Date:September 21st, 2014 10:37 pm (UTC)
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Could also be that everyone who cares or feels the need to get a cheap ticket knows to get in quick.

I personally just delay buying KB tickets until I need to get them, and naturally end up buying more expensive tickets as a result.

But barring further evidence I tend to be optimistic like that.
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From:tatjna
Date:September 21st, 2014 10:38 pm (UTC)
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Yeah, someone else said to me "At least we know there'll be 200 organised people at KB next year." ;-)
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From:vernacularity
Date:September 22nd, 2014 07:09 am (UTC)
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tru that, though i do wonder how many people just happen to have the ticket price on them and/or a credit card and thus got in. so a cheap ticket is the reward of being frugal/prudent flush with cash, as usual the rich get the best deals. :-p

i bought two early tickets last time in case i wanted them and in case of someone else wanting them, and gave them away, and then bought another one for a guy whose dad had tried to scalp a few to pay for their own. and didn't go because dramas

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From:thesecondcircle
Date:September 22nd, 2014 07:45 pm (UTC)
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From a US perspective: What bugs me is not that people vote in their own self interest (because if the 1%-ers voted on policies to stay rich, well by definition there aren't that many of them) but that so many people vote AGAINST their own self interest.

For example, people who directly benefit from the Affordable Care Act (aka Obamacare) will gleefully vote for candidates who's primary goal is to repeal it. And people who are living on the edge of poverty will vote for someone who's message is "when we give money to the rich (in the form of tax breaks and corporate kickbacks) they will magically create tons of jobs; when we give money to the poor (in the form of tax credits and benefits programs) we are enabling a bunch of deadbeats." And the middle class will vote for people who are hell-bent on destroying the middle class -- and aren't even hiding the fact.

I wish to god more people understood what was actually in their best interest and voted for it.
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From:tatjna
Date:September 22nd, 2014 08:31 pm (UTC)
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I have been thinking a lot about this over the last couple of days, and have come to the conclusion that people will only understand what is in their best interest if it's made clear to them in simple terms.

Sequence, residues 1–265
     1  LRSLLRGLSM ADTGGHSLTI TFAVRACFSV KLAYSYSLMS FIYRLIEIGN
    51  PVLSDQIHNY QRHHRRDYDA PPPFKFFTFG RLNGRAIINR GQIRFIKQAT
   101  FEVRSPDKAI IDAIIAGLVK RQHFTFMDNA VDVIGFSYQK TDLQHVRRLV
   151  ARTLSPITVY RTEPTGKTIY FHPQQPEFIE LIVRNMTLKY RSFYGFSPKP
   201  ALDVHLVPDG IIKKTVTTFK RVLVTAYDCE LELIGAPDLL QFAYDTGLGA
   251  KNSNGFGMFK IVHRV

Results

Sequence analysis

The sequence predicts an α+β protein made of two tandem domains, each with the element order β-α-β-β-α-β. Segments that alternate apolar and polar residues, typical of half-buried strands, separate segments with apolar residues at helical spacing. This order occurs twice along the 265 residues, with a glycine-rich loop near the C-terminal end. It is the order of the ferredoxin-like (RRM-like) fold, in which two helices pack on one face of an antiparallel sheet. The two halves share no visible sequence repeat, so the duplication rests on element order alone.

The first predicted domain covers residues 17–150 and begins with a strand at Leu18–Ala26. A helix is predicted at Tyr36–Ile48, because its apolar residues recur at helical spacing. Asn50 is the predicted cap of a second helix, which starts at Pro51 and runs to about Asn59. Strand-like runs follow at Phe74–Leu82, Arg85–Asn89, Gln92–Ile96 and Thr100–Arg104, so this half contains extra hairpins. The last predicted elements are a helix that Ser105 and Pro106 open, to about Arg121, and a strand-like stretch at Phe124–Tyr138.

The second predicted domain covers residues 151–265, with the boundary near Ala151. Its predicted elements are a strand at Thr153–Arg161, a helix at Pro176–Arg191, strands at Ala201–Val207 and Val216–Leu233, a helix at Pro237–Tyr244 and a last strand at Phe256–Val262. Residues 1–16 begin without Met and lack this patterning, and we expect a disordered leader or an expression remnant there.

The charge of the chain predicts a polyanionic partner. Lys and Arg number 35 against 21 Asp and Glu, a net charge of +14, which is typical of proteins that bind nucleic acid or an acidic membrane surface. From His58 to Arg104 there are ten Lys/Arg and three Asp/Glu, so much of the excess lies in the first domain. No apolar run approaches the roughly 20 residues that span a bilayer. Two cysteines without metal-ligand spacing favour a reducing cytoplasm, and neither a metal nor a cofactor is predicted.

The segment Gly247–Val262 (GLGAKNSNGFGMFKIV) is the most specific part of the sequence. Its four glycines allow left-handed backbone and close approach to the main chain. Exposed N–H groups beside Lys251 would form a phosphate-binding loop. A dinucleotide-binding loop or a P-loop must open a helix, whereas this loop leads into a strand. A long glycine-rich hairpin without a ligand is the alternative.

At University I learned to cite my sources, and I learned a handy shorthand for doing it, that meant I could point anyone to the real backing for my argument, and they could go read it and see that actually I'm not talking through a hole in my head.

The problem with this approach is that most people won't bother to check the sources, don't have the time or the interest to wade through the evidence to support my argument, and are usually looking for things to pull me up on if they do.

So presenting information that doesn't require people to check sources or read essays is pretty important. Basically if it can't be read and understood in less than a minute, it's not clear enough. And it's our job, as the people who think we have a better way of doing things, to make it clear enough.
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From:meri_sielu
Date:September 23rd, 2014 10:47 pm (UTC)
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You know I really think you're right re: people voting with a view to how certain policies would singlely affect them without thinking about the wider picture.... perhaps that's why my country is so fucked :/
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From:fushia_darkness
Date:September 26th, 2014 02:53 pm (UTC)
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I refuse to accept people vote based on their own self-interest only. How can it be ok to do that? I think one must always consider the larger picture and take in all the consequences of the choice you make, especially when doing something important as voting for the leadership of the nation! I understand that people do this, I'm not blind, but I try to raise a discussion about this whenever given a chance.
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From:pundigrion
Date:September 30th, 2014 04:01 pm (UTC)
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I really don't understand the choices people make when voting sometimes. Or politicians for that matter.

On the very small scale: Politicians promise they won't raise municipal taxes, people keep voting for these promises. Meanwhile the local roadwork backlog is now in the millions... Everyone complains about the awful roods and yet, no one will agree to spend the money to fix them! Do they think magical pixie dust is suddenly going to resurface them and fix the man-eating potholes?